|Author: Dr. Keith Sigmundson, Victoria, BC
It is indeed an honour to be asked to give the toast to Iceland this year. Having attended close to 70 consecutive annual Icelandic festivals, I have listened to several Toasts to Iceland. Most celebrate the individuals of New Iceland, who have distinguished themselves particularly in the field of arts, literature, and the humanities. They often conclude with a tribute to our heritage and our common ancestry. I would like at this time to focus on Iceland and its people in the 21st century.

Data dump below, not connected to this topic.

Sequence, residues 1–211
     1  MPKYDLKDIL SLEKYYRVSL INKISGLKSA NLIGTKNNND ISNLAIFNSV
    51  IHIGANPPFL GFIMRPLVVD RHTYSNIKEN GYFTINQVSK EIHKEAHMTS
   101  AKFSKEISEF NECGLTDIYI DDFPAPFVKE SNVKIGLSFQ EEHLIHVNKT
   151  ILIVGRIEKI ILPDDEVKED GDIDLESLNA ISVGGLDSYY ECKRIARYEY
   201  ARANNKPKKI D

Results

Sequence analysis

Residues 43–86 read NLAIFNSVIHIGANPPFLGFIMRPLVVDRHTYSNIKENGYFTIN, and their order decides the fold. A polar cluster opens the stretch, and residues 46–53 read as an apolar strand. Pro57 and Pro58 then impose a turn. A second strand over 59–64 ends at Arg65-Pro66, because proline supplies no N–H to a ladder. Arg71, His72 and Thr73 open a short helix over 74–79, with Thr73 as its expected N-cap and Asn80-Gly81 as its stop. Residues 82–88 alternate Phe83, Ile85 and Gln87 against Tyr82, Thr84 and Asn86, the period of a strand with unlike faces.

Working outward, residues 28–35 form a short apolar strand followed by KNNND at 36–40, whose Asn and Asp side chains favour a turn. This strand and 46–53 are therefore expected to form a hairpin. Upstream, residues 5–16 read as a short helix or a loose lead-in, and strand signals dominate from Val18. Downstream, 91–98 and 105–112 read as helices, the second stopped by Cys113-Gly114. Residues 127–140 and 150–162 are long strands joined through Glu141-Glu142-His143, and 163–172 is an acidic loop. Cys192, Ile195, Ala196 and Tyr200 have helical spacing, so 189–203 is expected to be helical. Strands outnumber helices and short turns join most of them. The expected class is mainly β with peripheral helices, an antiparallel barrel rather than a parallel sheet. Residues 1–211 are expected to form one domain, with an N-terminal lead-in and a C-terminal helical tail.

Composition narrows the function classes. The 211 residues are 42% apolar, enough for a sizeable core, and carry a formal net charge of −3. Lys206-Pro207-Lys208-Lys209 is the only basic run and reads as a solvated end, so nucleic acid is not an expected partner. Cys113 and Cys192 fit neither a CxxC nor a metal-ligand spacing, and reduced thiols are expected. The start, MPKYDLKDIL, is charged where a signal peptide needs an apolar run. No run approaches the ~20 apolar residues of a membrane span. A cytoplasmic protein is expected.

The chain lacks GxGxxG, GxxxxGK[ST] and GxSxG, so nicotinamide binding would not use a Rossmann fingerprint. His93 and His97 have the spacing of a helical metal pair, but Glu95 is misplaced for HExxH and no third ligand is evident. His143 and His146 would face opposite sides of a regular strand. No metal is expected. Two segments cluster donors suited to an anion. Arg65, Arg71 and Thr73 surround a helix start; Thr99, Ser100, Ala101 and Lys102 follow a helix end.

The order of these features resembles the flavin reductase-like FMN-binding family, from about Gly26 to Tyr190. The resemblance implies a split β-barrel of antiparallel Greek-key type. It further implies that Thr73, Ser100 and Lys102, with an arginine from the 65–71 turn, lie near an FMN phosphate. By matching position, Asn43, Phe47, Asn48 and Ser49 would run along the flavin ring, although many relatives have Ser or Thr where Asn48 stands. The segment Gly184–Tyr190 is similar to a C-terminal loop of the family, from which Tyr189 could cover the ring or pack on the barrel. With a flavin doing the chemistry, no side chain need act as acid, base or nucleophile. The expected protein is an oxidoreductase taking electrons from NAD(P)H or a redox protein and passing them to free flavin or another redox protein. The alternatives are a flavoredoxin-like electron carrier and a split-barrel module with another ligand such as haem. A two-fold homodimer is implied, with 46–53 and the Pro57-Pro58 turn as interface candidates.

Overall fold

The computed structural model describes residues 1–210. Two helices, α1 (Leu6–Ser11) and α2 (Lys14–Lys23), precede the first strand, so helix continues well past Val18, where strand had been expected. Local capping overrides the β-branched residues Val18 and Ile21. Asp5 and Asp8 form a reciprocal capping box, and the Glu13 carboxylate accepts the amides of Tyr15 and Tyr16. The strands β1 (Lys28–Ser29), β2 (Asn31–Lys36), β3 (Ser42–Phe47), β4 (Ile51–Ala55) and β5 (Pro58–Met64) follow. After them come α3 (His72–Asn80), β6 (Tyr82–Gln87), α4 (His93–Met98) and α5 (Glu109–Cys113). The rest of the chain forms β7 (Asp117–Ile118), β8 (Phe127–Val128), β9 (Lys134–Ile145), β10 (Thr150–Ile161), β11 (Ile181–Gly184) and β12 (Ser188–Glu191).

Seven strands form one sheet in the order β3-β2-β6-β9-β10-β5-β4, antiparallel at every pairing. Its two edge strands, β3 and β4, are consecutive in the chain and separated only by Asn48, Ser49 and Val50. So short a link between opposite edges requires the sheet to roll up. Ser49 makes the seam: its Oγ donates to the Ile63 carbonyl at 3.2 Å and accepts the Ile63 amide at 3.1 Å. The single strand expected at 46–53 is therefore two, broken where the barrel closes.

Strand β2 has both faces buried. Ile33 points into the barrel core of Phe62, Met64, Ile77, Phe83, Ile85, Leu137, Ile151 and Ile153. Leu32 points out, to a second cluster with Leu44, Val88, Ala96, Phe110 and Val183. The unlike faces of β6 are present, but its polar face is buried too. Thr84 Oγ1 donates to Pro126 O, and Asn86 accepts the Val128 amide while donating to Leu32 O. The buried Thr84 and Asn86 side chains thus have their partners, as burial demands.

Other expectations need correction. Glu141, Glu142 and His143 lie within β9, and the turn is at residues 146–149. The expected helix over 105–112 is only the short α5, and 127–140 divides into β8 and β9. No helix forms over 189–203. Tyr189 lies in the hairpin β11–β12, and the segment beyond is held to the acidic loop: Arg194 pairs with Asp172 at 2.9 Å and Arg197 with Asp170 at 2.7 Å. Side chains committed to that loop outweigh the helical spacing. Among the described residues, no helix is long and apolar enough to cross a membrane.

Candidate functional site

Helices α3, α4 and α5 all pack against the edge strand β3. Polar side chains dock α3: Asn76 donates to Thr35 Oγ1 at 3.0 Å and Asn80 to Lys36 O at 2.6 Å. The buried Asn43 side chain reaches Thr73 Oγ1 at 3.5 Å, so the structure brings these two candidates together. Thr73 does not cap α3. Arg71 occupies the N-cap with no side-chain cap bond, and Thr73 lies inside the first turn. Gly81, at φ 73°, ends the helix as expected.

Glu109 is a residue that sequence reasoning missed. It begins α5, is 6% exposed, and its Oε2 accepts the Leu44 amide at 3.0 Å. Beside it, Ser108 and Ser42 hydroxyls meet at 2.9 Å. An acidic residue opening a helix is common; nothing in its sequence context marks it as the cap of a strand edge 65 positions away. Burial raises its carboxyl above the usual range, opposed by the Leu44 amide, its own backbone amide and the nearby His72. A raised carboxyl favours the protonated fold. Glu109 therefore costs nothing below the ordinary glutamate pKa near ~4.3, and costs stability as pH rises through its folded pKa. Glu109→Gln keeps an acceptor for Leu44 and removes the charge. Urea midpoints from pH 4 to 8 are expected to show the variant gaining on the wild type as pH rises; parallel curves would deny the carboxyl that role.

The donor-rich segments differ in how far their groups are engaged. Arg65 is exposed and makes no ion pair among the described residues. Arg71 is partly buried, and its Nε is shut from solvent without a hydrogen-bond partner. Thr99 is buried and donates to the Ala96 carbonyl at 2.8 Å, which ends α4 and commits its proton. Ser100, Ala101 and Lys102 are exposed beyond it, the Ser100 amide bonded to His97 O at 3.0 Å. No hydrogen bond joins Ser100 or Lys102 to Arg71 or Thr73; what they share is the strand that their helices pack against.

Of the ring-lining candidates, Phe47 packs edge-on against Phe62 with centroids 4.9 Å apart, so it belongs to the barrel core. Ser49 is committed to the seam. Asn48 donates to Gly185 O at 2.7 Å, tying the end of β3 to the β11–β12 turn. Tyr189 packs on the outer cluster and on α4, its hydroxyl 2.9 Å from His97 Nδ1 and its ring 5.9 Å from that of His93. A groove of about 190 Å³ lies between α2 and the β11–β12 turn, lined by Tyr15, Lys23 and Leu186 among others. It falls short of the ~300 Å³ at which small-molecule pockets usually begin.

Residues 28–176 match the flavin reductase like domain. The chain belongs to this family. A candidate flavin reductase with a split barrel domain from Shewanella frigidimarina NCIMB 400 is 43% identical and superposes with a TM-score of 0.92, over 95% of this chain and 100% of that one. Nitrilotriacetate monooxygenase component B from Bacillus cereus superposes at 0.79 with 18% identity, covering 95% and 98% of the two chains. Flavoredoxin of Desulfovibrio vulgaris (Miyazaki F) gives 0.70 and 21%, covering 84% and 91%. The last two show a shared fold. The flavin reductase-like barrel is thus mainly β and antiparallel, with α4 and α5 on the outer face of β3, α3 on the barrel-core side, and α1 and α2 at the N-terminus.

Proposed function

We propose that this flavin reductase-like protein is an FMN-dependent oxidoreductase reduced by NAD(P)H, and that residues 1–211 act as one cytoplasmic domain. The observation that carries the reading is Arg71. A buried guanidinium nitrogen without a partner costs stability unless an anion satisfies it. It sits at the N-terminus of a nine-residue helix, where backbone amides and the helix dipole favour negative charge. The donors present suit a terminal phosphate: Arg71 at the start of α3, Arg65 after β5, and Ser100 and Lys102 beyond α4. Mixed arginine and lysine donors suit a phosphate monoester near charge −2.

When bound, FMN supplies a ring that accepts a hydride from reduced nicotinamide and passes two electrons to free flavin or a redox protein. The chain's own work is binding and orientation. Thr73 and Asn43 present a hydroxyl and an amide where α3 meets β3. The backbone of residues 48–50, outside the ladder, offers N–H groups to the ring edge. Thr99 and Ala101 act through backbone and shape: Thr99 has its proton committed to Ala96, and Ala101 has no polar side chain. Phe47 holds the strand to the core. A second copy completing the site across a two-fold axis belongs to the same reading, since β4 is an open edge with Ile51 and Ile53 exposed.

Having established the first representative democracy in the 900s, we continue to trace the development of its democracy and social standing in today’s contemporary world. It is said that, under the rule of the Danish monarchs in the middle ages, Icelanders were amongst the poorest people in Europe. They were forbidden to sell or trade without the consent of the Danish monarch, who sold the rights mostly to other Europeans. During the 1850s with volcanic eruptions poverty prevailed, leading to the largest mass exodus from Iceland over the next 50 years. There were only 70,000 persons in Iceland, with 15,000 emigrating, largely to the newly established colony identified as New Iceland. By 2006, Canada had over 88,000 descendants from Iceland and the United States of America over 40,000.